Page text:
That’s why many teams are turning to ex-pros like Li and TSM’s Brian “TheOddOne” Wyllie to fill those coaching roles. It ensures the candidate has some of the required game knowledge and, hopefully, carries a healthy amount of respect from the players.
“[My team] already have a form of respect for me in the first place, and the respect just changes a little bit when I’m coach,” Li says. “And my team is not huge on egos in the first place. If I were to coach another team really big on egos, it might be even harder, even coming from a position where they respected you in the first place.”
Players already know there is value in listening to their former teammates, people who have struggled through the same challenges in and out of game. But just because you were a good pro player doesn’t mean you’ll be a good coach, or that you’ll be fully committed to the new job.
The coaching mantle didn’t seem to fit Li at first. He wasn’t entirely sure what he was doing during the Spring Split. He wasn’t sure if he’d continue as coach. And he almost didn’t.
“Right after playoffs, I said the only person I would step down for was Shiphtur,” he said. “I told my team, immediately in the room after we won.”
As things turned out, Dignitas managed to nab their prized transfer in the offseason. Danny “Shiphtur” Le was a sensation in the Spring Split, single-handedly keeping Team Coast in many games they should have lost with his brash play on assassin champions like Ahri. His fans joked he was trapped in “ELO hell”, like a ladder player held back by underperforming teammates. Dignitas offered a way out.
Li had a close relationship with Le before the transfer, and that made it a little easier for Scarra to pass the torch to his replacement. But that doesn’t mean it was easy.
“I don’t know if I will be as passionate about [coaching] as I was for playing,” he says, “because playing was my passion.”
“Quite frankly I’d be lying if I thought I could replicate that kind of passion with coaching, but I think it will be fulfilling in other ways that playing never was. It’s kind of different because in one sense its like you’re not fulfilling your own dreams in playing well and playing better. In coaching, it’s your own dream, but also others.”
Despite his misgivings, Li is already dedicating himself to his new career path. He’s reached out to as many people as possible to gather ideas and build a coaching philosophy, despite his “amateurness,” as he puts it.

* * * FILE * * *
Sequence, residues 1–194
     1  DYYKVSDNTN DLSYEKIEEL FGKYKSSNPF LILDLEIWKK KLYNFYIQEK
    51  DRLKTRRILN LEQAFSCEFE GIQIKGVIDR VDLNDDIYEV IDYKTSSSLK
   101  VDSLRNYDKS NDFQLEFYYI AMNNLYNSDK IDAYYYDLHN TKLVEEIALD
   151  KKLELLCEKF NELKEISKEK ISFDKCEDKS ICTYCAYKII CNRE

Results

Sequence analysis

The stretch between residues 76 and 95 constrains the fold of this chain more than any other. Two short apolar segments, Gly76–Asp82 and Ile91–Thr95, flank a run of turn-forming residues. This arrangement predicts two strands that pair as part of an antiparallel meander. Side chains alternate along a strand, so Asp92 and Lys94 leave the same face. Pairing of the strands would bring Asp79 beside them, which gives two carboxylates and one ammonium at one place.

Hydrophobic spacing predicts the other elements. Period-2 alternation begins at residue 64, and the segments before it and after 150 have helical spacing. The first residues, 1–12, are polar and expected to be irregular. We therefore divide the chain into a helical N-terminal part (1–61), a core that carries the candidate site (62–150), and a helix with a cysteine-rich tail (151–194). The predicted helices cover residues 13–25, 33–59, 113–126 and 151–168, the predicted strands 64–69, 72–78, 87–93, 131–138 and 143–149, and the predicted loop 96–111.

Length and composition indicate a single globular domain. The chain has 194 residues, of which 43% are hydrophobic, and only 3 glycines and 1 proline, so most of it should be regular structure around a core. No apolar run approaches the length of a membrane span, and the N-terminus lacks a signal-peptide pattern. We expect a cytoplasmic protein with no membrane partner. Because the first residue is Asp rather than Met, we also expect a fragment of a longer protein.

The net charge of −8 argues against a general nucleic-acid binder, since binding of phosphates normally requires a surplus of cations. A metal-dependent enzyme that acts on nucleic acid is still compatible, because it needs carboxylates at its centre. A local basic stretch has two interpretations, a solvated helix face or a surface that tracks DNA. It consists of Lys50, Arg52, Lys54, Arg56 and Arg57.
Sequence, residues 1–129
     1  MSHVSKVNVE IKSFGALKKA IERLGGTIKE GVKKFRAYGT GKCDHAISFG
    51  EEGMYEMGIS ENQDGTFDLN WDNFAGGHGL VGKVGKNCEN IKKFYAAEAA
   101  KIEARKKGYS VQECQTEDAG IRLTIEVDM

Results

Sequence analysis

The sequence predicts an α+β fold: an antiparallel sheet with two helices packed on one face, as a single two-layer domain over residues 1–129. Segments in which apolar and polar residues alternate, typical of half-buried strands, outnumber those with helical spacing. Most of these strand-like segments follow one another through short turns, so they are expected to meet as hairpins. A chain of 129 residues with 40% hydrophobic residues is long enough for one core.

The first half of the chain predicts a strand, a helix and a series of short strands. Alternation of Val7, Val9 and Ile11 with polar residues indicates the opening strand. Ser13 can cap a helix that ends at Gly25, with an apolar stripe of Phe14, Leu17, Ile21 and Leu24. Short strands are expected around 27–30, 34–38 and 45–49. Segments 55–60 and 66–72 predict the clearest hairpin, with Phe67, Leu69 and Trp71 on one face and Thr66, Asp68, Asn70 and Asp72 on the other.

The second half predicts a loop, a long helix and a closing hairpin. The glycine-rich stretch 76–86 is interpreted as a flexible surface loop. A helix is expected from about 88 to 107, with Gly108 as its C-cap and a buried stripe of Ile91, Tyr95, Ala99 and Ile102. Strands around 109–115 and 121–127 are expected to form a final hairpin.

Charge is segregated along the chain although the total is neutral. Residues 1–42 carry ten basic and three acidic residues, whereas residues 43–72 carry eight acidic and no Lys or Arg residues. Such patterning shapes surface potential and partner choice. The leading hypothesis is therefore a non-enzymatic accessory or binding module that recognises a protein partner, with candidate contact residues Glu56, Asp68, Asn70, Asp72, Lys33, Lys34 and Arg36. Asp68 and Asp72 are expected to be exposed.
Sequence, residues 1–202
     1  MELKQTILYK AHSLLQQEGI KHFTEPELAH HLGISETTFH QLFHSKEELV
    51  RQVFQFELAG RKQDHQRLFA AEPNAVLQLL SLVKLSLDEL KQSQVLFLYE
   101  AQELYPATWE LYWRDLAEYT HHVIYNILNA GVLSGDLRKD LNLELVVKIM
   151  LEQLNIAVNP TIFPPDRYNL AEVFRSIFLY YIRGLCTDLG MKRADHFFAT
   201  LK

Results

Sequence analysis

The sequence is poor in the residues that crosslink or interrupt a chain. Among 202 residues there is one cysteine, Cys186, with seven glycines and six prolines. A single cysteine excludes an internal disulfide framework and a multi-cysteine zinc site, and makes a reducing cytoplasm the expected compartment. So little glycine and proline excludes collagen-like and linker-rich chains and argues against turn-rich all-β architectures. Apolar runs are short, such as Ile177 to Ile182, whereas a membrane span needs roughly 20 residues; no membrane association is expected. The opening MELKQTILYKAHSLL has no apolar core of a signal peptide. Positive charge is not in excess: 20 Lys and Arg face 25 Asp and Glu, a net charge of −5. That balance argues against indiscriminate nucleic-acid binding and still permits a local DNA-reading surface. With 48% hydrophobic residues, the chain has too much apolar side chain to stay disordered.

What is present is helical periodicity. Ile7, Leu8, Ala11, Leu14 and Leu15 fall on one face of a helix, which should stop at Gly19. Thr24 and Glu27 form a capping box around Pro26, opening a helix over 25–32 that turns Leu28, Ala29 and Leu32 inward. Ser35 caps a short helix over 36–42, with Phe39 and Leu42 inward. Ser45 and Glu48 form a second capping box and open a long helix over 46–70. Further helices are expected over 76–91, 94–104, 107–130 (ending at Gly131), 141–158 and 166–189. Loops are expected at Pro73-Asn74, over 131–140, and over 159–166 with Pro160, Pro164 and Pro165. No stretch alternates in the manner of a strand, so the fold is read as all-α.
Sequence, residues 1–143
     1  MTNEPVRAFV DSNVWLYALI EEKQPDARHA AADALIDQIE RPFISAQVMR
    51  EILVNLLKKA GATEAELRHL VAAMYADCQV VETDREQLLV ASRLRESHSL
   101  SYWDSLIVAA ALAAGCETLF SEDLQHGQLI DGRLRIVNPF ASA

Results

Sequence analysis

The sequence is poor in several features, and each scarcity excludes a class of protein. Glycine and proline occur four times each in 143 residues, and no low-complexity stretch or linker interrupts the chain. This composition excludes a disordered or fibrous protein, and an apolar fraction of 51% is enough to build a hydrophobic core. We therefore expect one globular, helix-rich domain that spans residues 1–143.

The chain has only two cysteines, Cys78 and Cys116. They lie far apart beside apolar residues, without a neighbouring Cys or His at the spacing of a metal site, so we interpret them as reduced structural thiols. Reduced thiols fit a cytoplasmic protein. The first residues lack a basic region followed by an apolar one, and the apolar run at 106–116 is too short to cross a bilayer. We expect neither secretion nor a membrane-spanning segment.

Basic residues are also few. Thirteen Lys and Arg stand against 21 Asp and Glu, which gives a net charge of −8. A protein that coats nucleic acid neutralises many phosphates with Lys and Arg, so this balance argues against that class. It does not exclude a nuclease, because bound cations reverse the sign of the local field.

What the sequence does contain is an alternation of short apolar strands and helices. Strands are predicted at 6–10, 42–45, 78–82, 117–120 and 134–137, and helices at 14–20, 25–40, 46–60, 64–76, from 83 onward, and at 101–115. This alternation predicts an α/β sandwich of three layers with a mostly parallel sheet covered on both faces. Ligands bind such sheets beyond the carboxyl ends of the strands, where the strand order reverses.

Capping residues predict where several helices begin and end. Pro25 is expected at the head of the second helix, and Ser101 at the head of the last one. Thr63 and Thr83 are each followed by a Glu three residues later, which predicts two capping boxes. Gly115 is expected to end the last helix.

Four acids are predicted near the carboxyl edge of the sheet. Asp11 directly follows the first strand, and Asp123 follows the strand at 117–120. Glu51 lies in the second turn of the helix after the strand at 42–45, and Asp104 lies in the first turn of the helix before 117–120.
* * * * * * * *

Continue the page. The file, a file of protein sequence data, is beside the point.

“I don’t fully understand not only my job but also my responsibilities because there’s not that many people to look up to in the scene,” he says.
There’s no esports version of Vince Lombardi or Casey Stengel. There’s no coaching role models to look up to or ask for advice or just copy. It’s uncharted territory. “Overall in general, no one really knows how to coach,” Li says.
He points to two-time North American LCS champions Cloud 9 as a team that’s taken advantage of its analyst, Charlie Lipsie. And he credits Complexity’s coach as one of the reasons that side were able to surprise the scene by qualifying for the LCS. But most of the other teams either lack coaching, or aren’t fully taking advantage of their resources.
Counter Logic Gaming, for example, has an effective coach in Christopher “MonteCristo” Mykles. But as a commentator for OGN in Korea, he spends most of his time outside the US, and that limits the effect he has on CLG.
“Monte is not on site, and that’s a huge problem,” says Li, “I’ve talked to the players. I feel like his impact isn’t great, except for when he’s at the house. When he’s on site, his impact is apparently super high.”
Dignitas was one of those teams with under-utilized support last season. While they hired an analyst, Erling “Vlanitak” Krohn, his impact on the team was minimal at best. But that’s not necessarily the analyst’s fault. It’s a failure of the team for not taking advantage of him.
For Li, the word “analyst” has become a bit of a buzzword or cliche, one that’s taken on so many definitions it’s lost meaning.
“When people say they hired an analyst or I hired an analyst, I’m always confused,” says Li. “Did they hire someone who is great at macro theory? Did they hire someone who is great at micro theory?”